The court took note of the following factors: The window within which the application for migration/transfer was to be submitted, as published was between 22/1/2020 to 7/2/2020, which came to be extended till 9/2/2020 and the petitioner did not apply within the above period which would make it ineligible for consideration, that too when the entire process of migration. That apart, the four 'No objection Certificates', as were required by Regulation 6(4) of MCI, which were to be obtained from the Special Medical Referral Board, authorised for issuing the disability certificate, but it was also not obtained nor were available with the petitioner. The Medical certificates as filed on record by the petitioner were issued by Private Medical Practitioners and not by the Special Medical Referral Board, authorized for issuing the disability certificate. 
Clarifying that the pandemic situation can not be considered as a ground for granting mid-course transfer, the court further added,
that neither the Regulations as framed by MCI nor the guidelines framed by the DMER/State, as indicated in the brochure, grant any authority or power to the respondents to make any exception to what is stated in clause (4) of Regulation 6 of the MCI and therefore, no exception can be made out for the petitioner.
Moreover, the court also mentioned that MCI Regulation 6, expressly mandates that migration during clinical course of study, transfer shall not be allowed on any ground but petitioner admittedly has completed her First MBBS in May 2019 and has since thereafter embarked upon her Second MBBS, which includes clinical study. The court stated,
"the reason given by the petitioner, seeking migration, falls within the expression "genuine grounds" or not, is clearly rendered otiose. The writ petition therefore is clearly without any merits and is dismissed accordingly."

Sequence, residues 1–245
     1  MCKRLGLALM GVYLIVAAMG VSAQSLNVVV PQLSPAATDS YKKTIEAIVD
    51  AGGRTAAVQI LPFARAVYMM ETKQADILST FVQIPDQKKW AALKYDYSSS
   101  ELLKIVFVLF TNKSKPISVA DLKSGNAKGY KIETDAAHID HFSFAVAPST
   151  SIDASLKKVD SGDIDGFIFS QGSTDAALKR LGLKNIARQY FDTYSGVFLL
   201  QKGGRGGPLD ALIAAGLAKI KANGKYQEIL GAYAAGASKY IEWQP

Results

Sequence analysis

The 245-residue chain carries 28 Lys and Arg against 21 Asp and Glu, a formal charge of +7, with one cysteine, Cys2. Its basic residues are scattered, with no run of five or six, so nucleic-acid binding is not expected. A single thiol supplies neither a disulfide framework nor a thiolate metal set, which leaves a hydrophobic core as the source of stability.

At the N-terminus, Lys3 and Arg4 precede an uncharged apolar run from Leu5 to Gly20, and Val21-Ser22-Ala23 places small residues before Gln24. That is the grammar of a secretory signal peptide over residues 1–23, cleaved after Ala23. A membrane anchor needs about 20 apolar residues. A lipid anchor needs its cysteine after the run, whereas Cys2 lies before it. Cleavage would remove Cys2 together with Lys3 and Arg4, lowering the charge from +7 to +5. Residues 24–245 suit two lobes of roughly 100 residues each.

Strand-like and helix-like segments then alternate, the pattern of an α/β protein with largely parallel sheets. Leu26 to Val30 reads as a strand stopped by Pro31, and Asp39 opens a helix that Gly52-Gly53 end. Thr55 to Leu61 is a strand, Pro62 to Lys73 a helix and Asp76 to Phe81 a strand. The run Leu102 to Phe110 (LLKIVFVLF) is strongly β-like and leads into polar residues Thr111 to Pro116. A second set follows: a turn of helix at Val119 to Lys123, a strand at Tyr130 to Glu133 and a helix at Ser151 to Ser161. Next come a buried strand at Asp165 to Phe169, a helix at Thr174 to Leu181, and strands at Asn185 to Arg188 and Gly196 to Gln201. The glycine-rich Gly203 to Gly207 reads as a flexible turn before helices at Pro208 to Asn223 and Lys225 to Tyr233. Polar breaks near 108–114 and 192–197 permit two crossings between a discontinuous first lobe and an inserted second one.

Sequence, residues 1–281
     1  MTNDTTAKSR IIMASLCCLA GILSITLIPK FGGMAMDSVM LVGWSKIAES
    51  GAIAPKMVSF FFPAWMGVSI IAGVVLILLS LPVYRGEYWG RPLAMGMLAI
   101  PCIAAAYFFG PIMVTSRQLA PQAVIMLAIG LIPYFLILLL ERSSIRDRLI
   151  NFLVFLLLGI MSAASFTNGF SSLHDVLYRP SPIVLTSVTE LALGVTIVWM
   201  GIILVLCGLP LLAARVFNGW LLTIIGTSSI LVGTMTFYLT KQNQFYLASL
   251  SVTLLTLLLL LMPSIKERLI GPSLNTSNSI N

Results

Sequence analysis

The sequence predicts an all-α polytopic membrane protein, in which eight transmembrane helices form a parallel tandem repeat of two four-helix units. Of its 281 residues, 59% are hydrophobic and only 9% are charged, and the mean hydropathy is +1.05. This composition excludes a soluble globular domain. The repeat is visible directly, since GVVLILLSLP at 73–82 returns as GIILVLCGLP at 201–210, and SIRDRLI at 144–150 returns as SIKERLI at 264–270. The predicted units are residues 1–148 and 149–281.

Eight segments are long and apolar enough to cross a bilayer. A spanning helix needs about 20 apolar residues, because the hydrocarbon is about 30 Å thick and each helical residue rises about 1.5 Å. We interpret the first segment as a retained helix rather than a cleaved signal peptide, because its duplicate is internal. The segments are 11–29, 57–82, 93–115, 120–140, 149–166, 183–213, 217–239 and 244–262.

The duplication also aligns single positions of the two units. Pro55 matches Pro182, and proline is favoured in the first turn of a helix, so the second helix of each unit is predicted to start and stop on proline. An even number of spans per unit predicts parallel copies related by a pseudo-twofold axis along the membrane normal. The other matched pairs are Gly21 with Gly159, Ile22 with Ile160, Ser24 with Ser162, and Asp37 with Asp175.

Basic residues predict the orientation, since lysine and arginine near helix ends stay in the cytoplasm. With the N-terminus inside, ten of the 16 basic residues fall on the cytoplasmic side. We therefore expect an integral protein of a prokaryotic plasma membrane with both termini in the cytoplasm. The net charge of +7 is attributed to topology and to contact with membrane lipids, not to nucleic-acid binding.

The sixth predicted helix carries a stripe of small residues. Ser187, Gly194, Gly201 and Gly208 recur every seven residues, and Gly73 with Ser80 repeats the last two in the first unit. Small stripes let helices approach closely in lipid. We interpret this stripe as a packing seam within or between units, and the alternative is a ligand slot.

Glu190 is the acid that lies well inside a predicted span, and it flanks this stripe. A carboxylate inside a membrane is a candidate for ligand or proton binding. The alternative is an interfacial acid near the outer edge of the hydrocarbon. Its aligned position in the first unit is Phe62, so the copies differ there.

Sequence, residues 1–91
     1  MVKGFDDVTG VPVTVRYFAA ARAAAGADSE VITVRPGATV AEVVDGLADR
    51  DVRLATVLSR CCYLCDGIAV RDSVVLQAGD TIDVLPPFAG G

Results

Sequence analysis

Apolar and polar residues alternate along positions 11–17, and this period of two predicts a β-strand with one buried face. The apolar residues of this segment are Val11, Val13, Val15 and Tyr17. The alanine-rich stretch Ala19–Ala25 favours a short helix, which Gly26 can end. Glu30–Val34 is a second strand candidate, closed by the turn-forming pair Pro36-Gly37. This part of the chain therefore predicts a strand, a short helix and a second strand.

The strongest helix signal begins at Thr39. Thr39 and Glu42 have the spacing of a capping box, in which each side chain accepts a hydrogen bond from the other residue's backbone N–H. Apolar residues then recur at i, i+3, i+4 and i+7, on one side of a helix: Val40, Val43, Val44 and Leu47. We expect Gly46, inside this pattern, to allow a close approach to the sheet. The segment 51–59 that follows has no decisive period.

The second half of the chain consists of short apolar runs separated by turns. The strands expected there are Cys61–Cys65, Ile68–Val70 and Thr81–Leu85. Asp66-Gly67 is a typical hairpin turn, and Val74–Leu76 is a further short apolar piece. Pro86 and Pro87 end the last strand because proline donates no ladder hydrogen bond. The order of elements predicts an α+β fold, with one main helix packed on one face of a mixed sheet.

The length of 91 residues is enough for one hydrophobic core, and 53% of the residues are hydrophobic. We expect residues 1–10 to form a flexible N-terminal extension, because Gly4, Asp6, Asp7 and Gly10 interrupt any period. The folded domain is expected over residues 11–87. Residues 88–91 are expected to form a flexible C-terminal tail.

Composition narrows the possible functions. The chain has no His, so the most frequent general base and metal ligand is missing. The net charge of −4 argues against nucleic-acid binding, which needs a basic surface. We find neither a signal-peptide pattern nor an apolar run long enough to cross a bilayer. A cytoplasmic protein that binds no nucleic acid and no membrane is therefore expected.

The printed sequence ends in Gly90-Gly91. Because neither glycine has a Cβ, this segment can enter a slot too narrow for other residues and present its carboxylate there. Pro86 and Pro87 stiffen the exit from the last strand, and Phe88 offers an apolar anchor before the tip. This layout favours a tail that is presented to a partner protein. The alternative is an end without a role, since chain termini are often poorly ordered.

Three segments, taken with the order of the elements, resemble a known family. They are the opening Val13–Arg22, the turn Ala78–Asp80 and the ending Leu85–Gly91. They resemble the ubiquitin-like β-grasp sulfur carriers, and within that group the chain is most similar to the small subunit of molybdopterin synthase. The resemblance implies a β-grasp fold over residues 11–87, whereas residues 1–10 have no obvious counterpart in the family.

Suggesting that MCI (now NMC) should frame guidelines for grant of NOC or migration, subject to the provisions of the Regulations, the court further added,
each State Government/University/Institution, would be entitled to frame guidelines for grant of NOC or migration, subject to the provisions of the Regulations. This would automatically lead to different guidelines, being framed by different State Governments/Universities/Institutions, thereby leading to lack of uniformity in the policy of migration. It would thus be proper, if the MCI defines and sets the parameters or criteria of the expression "genuine grounds" as occurring in MCI Regulation 6 (1), so as to have a uniformity for its application throughout the country, which would not only avoid contrary meanings, but would also save the students from the vagaries of litigation and the time spent, due to pursuing them, which could be beneficially spent in the pursuit of the profession for which they are preparing themselves. We hope that appropriate steps would be taken in this regard by the MCI as soon as possible.